Landlords have several time-sensitive legal obligations to meet that cannot be rectified if they are prevented from accessing the property. These include, right to rent checks, gas safety inspections, HMO management requirements, the new upcoming electrical safety legislation and performing smoke alarm tests. We are pressing the Government to ensure landlords are not at risk if they do respect the tenant's need to self-isolate.

In the meantime you can minimise your risk in these situations by thoroughly documenting your attempts to comply with the legislation.

My gas safety certificate is due to be renewed in the near future. What should I do?

Gas safety inspections can go on as they are essential works. This is provided that everyone follows social distancing practices and the inspector, tenants, or landlord are not symptomatic at the time. However, there is a recognition this may be difficult to arrange due to shortages of inspectors as well as tenant's self-isolating or refusing access.

Gas safety certificates can be obtained up to two months prior to the expiration of the existing one. Landlords are encouraged by Gas Safe to start trying to arrange an inspection as early as possible in that two month period. If it's not possible to arrange an inspection then it should be documented. documentation should show that the landlord has tried to contact a number (most likely 5 or 6) of inspectors who were all unable to allocate an appointment.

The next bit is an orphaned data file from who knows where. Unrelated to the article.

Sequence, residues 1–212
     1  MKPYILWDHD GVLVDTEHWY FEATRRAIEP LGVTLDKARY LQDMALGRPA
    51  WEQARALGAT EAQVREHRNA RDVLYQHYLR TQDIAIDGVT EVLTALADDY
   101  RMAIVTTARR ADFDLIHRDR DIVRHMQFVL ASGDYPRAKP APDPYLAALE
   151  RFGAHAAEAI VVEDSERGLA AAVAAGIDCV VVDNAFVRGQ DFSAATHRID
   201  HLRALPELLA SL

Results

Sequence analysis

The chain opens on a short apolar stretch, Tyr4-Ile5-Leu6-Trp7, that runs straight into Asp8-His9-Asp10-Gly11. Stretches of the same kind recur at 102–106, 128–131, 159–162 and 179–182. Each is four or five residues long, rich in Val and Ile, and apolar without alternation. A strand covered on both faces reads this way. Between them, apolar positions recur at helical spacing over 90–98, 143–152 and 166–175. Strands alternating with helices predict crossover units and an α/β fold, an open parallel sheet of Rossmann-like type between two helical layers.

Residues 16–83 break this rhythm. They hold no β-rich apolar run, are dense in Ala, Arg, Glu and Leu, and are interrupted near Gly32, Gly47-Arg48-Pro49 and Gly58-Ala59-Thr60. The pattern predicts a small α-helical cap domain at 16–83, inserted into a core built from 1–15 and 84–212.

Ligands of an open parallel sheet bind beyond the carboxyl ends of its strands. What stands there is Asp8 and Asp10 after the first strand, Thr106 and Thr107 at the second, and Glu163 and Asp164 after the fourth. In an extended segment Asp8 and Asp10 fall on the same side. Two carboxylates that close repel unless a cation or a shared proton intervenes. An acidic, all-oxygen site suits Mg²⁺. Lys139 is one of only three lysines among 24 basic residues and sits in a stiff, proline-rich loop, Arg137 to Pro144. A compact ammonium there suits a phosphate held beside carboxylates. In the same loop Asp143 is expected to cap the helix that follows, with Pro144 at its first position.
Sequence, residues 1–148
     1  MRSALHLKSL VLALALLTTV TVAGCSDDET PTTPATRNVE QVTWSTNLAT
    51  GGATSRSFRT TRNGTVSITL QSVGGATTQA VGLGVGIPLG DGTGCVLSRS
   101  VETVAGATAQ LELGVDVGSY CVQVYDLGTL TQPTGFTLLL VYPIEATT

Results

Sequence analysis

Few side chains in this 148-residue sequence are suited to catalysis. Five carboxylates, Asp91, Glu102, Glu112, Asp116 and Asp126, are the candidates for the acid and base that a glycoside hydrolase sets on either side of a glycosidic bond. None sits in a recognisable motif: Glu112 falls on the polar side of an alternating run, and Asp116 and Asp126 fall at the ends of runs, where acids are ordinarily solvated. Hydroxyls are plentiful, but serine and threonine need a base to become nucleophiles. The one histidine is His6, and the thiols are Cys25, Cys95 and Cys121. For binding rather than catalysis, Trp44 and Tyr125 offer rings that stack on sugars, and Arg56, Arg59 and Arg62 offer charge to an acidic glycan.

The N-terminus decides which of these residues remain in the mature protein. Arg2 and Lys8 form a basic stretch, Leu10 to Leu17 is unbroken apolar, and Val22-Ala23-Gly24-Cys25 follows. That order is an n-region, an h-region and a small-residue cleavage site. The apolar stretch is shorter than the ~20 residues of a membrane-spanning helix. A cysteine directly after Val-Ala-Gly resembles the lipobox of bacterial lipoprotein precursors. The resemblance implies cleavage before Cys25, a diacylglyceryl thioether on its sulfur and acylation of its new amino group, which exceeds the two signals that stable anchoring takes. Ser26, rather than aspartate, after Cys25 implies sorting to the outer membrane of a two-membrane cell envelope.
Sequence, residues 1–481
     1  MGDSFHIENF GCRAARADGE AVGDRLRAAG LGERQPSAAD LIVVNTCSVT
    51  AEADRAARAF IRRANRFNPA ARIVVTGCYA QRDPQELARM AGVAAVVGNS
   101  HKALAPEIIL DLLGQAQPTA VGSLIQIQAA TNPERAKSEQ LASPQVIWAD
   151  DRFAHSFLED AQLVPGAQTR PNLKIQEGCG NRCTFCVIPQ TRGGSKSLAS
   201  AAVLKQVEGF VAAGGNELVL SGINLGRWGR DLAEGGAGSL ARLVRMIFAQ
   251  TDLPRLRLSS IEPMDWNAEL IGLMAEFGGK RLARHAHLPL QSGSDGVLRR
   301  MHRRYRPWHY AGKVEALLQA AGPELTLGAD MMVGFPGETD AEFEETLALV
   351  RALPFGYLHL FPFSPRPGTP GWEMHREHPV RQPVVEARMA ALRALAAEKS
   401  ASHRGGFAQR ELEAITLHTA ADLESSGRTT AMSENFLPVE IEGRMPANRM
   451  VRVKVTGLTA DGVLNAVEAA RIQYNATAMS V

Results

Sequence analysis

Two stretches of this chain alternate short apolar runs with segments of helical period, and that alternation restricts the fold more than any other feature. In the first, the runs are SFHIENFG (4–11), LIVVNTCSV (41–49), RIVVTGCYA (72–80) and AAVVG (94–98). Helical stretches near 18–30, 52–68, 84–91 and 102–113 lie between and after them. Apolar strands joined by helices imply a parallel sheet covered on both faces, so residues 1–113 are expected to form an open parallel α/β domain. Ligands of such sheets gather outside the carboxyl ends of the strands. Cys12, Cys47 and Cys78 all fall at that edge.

Similarly, if the tenant refuses access then this should be documented with evidence the landlord has tried to accommodate suitable dates for the tenant.

For example, if the tenant refuses because they are self-isolating due to symptoms then the landlord should try and arrange a new check to be done 14 days after the household first shows symptoms. Provided the landlord has made three genuine efforts to arrange access and documented it this should be enough to provide sufficient excuse to the HSE.

For those with an underlying condition, inspections will need to wait for 12 weeks. If the landlord finds themselves in the latter situation it's essential they get documented evidence from the tenant confirming they are self-isolating for 12 weeks. The landlord should then arrange an appointment for after the 12 week period is over (subject to further isolation being necessary based on Gov guidance).

Will local authorities continue to enforce property conditions during this time?

Local authorities are encouraged to take a pragmatic, risk-based approach to enforcement.